The recently released report, “Countdown to 2015: Fulfilling the Health Agenda for Women and Children,” shows that of the 75 countries covered in the report (which account for more than 95 percent of all maternal and child deaths each year), fewer than half will achieve MDG4 on child health. Nearly half of all child deaths are attributable to undernutrition. Preventable and treatable infectious diseases such as pneumonia and diarrhea remain the leading cause of child deaths.
The report also shows that half of countries in the report still have high maternal mortality rates, and 16 countries — all of them in Africa — still have a maternal mortality rate of 500 or more deaths per 100,000 live births. Severe health workforce shortages limit countries’ ability to provide high-quality care to women and children.
The recentUNAIDS Gap Report indicates that in 2013, around 12.9 million people living with HIV had access to antiretroviral therapy. Unfortunately, this represents only 38 percent of all adults and 24 percent of all children living with HIV.
Investing in targeted interventions will only get us part of the way. We need a data revolution in order to adequately track our progress, resources and results. One example is that 51 countries have now conducted an assessment of theircivil registration and vital statistics systems. Of these, 25 countries also have a multisectoral plan and high-level steering committee and several have developed long-term investment plans. We need to support the political momentum for CRVS that is growing in many countries to get better information for better results.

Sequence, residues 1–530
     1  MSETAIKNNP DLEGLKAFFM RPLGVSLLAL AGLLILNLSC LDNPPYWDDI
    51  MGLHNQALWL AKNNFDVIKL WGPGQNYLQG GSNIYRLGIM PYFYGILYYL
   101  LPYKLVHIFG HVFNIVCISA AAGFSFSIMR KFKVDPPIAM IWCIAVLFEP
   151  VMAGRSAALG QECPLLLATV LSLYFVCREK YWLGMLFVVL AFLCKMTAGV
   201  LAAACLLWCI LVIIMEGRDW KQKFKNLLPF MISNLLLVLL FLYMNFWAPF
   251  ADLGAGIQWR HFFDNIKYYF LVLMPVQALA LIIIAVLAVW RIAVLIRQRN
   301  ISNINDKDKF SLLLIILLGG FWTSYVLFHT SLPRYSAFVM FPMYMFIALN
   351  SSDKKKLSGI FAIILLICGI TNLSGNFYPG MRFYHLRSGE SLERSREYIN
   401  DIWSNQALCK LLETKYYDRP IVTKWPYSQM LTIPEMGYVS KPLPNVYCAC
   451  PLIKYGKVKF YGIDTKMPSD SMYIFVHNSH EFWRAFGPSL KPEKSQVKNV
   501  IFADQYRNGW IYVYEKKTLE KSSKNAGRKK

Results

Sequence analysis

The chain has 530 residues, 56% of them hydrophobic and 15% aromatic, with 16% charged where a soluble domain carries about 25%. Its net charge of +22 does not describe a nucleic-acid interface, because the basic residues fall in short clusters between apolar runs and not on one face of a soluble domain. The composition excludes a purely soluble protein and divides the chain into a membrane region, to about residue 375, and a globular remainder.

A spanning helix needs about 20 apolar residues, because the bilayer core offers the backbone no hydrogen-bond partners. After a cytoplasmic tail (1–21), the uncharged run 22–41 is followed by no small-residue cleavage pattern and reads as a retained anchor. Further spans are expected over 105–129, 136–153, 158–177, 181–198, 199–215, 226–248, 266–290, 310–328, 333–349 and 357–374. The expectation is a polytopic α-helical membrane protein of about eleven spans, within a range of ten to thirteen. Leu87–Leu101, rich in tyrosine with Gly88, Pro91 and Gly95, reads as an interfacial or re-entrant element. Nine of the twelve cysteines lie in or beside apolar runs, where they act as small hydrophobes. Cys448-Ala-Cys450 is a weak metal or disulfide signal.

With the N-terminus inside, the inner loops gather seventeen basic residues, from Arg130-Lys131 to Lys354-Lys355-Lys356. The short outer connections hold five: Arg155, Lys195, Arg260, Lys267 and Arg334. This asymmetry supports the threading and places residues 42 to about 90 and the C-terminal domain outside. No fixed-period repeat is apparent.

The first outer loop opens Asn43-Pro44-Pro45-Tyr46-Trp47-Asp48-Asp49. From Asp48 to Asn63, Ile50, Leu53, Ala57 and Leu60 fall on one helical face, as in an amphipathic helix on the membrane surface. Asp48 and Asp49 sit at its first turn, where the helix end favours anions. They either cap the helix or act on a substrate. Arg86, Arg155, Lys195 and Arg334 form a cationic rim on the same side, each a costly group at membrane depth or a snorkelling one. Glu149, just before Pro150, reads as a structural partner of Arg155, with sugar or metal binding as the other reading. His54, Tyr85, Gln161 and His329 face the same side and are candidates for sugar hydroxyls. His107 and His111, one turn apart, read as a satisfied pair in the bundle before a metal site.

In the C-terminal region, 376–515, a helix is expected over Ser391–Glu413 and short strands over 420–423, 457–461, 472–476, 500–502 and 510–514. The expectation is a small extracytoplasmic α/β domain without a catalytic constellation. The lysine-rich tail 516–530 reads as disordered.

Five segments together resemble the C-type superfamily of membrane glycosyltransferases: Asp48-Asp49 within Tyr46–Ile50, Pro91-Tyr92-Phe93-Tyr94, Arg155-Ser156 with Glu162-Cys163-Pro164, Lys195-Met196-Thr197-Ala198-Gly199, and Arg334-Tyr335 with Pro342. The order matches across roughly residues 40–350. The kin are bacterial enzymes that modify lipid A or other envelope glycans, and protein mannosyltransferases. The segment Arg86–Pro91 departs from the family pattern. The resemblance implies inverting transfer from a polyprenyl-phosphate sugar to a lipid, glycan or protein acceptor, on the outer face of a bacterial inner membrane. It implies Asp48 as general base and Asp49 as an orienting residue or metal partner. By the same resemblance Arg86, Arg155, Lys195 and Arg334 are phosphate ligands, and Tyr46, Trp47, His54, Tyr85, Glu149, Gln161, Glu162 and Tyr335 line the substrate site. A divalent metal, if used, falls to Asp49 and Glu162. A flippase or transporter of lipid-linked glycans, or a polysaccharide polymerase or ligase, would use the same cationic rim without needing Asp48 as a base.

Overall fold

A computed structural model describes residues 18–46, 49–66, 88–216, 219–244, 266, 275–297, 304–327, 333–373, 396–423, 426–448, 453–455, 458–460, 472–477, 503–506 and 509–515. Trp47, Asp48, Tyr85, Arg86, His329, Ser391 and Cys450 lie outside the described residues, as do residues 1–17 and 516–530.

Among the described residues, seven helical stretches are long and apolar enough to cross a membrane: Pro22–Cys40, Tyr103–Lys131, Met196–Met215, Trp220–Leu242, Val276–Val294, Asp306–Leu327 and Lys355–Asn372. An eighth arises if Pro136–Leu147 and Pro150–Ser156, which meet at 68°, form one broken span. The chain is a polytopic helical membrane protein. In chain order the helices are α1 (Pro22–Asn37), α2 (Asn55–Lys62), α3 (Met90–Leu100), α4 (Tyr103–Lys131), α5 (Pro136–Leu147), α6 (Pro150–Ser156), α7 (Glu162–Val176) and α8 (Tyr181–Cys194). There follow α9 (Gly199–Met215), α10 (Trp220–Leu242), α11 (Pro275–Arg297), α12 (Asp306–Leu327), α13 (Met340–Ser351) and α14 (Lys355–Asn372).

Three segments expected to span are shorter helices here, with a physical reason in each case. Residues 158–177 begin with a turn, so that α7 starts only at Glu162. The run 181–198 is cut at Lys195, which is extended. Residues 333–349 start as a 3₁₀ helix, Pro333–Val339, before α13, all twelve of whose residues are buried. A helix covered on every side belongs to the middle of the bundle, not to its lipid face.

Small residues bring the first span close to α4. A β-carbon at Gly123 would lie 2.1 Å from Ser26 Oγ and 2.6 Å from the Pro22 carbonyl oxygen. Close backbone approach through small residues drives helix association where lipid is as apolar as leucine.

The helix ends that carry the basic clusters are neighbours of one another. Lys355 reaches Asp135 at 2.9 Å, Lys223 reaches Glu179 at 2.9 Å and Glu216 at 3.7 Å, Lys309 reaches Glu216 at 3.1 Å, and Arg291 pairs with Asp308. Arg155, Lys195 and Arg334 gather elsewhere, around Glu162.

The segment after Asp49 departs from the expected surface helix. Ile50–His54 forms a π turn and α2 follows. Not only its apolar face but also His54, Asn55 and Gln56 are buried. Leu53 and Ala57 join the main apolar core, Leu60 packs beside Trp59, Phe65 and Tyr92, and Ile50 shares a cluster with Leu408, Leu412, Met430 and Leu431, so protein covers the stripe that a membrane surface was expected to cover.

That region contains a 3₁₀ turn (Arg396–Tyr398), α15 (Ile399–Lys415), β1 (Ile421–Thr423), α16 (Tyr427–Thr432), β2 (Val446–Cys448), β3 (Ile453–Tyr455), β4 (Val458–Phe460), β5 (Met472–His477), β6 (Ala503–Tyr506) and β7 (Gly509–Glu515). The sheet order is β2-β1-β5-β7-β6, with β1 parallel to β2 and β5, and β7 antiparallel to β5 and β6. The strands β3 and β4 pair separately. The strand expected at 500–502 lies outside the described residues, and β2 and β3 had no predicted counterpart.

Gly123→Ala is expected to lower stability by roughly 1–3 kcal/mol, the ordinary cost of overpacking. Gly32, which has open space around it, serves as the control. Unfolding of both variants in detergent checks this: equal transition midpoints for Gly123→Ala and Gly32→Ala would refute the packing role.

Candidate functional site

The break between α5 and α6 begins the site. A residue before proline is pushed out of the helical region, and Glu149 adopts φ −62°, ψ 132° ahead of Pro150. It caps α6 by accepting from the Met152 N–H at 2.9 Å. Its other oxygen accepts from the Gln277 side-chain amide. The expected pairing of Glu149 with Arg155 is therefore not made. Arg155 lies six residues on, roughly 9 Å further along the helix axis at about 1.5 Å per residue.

Gains made toward the MDGs prove that we go further together. We can accelerate action on existing commitments by governments, civil society organizations and the private sector. Through a new advocacy platform called #Commit2Deliver, our partners are seeking to promote a laser-like focus on accountability for resources and results. You can find out more about this effort by visiting the campaign’swebsite.
The thirdprogress report on accountability for women’s and children’s health concludes that accountability and transparency are recognized by countries and donors alike as critical partnership elements for reaching the health MDGs. By promoting results and strengthening transparency, we will prove why issues affecting the lives of women’s and children’s health must remain at the top of the development agenda through 2015 and beyond.
Aug. 18, 2014, marks the 500-day milestone until the target date to achieve the Millennium Development Goals. Join Devex, in partnership with the United Nations Foundation, to raise awareness of the progress made through the MDGs and to rally to continue the momentum. Check out our Storify page and tweet us using #MDGmomentum.
Anita Sharma is the senior director of the Millennium Development Goals Initiatives at the United Nations Foundation. In this capacity, she engages with civil society, government leaders, the private sector, faith groups and individuals in an effort to achieve the MDGs. Her work currently focuses on Every Women Every Child, a movement led by the U.N. secretary-general to improve the health and well-being of women and children.